Billy the Kid (born Henry McCarty; September 17 or November 23, 1859 – July 14, 1881), also known by the pseudonym William H. Bonney, was an Irish-American outlaw and gunfighter of the American Old West who killed eight men before he was shot and killed at the age of 21.
Brushy Bill Roberts (August 26, 1879 – December 27, 1950; claimed date of birth December 31, 1859) also known as William Henry Roberts, Ollie Partridge William Roberts, Ollie N. Roberts or Ollie L. Roberts, attracted attention by claiming to be the western outlaw William H. Bonney, also known as Billy the Kid.
Billy the Kid, byname of William H. Bonney, Jr., original name Henry McCarty?, (born November 23, 1859/60, New York, New York, U.S.—died July 14, 1881, Fort Sumner, New Mexico), one of the most notorious gunfighters of the American West, reputed to have killed at least 27 men before being gunned down at about age 21.
Plot. In 1950, attorney Charles Phalen is contacted by an elderly man named "Brushy Bill" Roberts. Brushy Bill tells Phalen that he is dying and wants to receive a pardon that he was promised 70 years before by the governor of New Mexico, claiming that he is really William H. Bonney aka "Billy The Kid", whom "everyone" knows to have been shot and killed by Pat Garrett in 1881.
- He was orphaned as a teen. Little is known about Billy the Kid’s early days, but he was most likely born Henry McCarty in the Irish slums of New York City sometime in late 1859.
- The Kid’s first arrest came for stealing clothes from a laundry. Henry McCarty’s first run-in with the law came in 1875, when he assisted a local street tough known as “Sombrero Jack” in stealing clothing from a Chinese laundry.
- He played a prominent role in a frontier feud. Billy the Kid first earned his reputation as a gunslinger in 1878, when he participated in a bloody frontier war in Lincoln County, New Mexico.
- The Kid never robbed a train or a bank. Unlike other Old West outlaws such as Jesse James, Cole Younger or Butch Cassidy, Billy the Kid didn’t make his living as a bandit.
- Early years
- Fictional character biography
Billy the Kid called himself William H. Bonney, but his original name was probably Henry McCarty. Bonney was his mother Catherines maiden name, and William was the first name of his mothers longtime companionWilliam Antrinwho acted as Billys father after his biological father disappeared. Around 1865, Billy and his brother traveled west to Indiana with their mother and Antrin, and by 1870 the group was in Wichita, Kansas. They soon moved farther west, down the cattle trails, and in 1873 a legally married Catherine and William Antrin appeared on record in New Mexico territory. In 1874, Billys mother died of lung cancer in Silver City. Billy soon left his brother and stepfather and took off into the New Mexico sagebrush. He worked as a ranch hand and in 1876 supposedly killed his first men, a group of reservation Apache Indians, in the Guadalupe Mountains. According to legend, it was not long before Billy killed another man, a blacksmith in Camp Grant, Arizona. Billy the Kid, as people began calling him, next found work as a rancher and bodyguard for John Tunstall, a English-born rancher who operated out of Lincoln, New Mexico. When members of a rival cattle gang killed Tunstall, in 1878, Billy became involved in the so-called Lincoln County War.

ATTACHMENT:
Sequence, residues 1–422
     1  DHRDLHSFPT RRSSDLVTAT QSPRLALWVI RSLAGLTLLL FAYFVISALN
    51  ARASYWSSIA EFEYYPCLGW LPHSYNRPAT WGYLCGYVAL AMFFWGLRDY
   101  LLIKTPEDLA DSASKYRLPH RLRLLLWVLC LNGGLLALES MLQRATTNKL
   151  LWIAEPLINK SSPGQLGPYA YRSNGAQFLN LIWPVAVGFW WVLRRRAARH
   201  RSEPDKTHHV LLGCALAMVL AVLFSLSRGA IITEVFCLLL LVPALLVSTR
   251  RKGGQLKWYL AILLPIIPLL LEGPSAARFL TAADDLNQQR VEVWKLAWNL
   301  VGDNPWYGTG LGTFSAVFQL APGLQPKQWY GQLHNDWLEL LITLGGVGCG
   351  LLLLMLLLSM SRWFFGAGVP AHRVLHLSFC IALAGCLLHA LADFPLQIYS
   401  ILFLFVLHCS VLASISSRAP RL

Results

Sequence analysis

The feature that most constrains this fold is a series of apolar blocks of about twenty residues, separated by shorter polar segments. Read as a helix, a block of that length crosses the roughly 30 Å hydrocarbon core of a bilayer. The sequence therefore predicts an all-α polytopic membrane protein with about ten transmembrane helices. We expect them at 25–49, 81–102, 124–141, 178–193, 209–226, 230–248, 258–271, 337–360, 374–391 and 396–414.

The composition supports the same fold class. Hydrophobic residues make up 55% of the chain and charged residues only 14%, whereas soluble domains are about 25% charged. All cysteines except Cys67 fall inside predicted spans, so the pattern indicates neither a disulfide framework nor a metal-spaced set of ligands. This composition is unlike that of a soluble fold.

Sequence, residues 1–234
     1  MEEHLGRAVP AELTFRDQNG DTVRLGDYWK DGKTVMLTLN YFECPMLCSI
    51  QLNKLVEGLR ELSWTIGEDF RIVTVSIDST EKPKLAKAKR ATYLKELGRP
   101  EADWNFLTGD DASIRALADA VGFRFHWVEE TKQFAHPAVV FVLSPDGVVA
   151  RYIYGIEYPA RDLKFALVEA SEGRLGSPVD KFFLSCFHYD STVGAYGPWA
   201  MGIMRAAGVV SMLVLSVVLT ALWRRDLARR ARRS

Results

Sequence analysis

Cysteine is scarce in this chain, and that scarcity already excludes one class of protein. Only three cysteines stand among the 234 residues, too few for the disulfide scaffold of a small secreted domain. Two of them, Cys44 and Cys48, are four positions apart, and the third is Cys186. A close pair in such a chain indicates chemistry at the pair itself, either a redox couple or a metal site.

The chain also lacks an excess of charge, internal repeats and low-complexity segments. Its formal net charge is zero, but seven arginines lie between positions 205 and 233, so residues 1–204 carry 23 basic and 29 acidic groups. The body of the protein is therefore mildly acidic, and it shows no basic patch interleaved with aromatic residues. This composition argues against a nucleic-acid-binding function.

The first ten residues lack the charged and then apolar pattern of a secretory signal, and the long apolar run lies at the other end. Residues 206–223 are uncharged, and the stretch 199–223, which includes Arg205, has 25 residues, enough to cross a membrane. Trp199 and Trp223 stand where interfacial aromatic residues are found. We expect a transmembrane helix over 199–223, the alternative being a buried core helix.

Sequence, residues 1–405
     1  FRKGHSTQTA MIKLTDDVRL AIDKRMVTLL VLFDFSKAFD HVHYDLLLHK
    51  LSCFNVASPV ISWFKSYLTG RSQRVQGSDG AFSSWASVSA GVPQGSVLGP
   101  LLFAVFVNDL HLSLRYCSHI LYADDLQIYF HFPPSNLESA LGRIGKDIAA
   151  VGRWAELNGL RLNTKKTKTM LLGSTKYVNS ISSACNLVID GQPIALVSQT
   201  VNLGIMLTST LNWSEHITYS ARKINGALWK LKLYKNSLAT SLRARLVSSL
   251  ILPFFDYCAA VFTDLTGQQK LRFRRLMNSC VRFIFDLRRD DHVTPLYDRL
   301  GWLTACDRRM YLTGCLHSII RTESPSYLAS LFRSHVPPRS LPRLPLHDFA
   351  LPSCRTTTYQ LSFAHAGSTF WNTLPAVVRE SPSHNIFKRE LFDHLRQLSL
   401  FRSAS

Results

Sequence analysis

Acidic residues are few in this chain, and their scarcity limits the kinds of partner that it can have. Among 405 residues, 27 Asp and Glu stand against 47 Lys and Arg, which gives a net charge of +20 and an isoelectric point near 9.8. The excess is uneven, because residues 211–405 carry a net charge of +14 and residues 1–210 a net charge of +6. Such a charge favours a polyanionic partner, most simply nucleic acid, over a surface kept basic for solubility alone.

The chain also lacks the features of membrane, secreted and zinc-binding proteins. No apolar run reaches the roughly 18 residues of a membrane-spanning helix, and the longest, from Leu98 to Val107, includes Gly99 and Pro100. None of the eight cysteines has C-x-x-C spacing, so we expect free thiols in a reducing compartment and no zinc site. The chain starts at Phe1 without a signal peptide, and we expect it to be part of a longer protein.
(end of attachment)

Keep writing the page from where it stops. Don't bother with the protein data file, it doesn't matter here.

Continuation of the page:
Enraged at Tunstalls murder, Billy became a leader of a vigilante posse of regulators sent to arrest the killers. No arrests were made, however. Two of the murderers were shot dead by Billys posse, and a worsening blood feud soon escalated into all-out warfare. After Billys gang shot dead Lincoln Sheriff Bill Brady, who had sanctioned Tunstalls murder, Billys enemies conspired with the territorial authorities to do away with the regulators.
In July 1878, the rival gang surrounded the house where Billy and his gang were staying just outside of town. The siege stretched on for five days, and a U.S. Army squadron from nearby Fort Stanton was called in. Still, Billy and his gang refused to surrender. Suddenly, the regulators made a mass escape, and Billy and several of the other regulators miraculously managed to shoot their way out of town.
After more than two years on the run, Billy was arrested by Lincoln Sheriff Pat Garrett, a man Billy had previously befriended before Garrett became a lawman. In April 1881, Billy was found guilty of the murder of Sheriff Brady and was sentenced to hang. On April 28, two weeks before his scheduled execution, Billy wrested a gun from one of his jailers and shot him and another deputy dead in a daring escape that received considerable national attention. On the night of July 14, 1881, Garrett finally tracked Billy down at a ranch near Fort Sumner, New Mexico. He gained access to the house where Billy was visiting a girlfriend and then surprised him in the dark. Before the outlaw could offer resistance, Garret fired a bullet into his chest. Billy the Kid was dead at age 21.
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Nov 15, 2019 · Billy the Kid was a late 19th-century thief and gunfighter. He was reportedly killed by Sheriff Pat Garrett, who later burnished the legend of the Wild West outlaw.
Jul 13, 2020 · William H. Bonney Jr. Today in 1911,Harry N. Atwood landed an airplane on the lawn of the White House to accept an award from President William Taft. Today in 1946,Benjamin Spock published the book that would forever change the way Americans raised their children.
Oct 14, 2015 · It is only the second known photograph of Henry McCarty, who was better known as William H. Bonney and by his nickname, Billy the Kid. The photo was taken in 1878 and shows the notorious outlaw playing croquet with members of his gang, the Lincoln County Regulators, and family.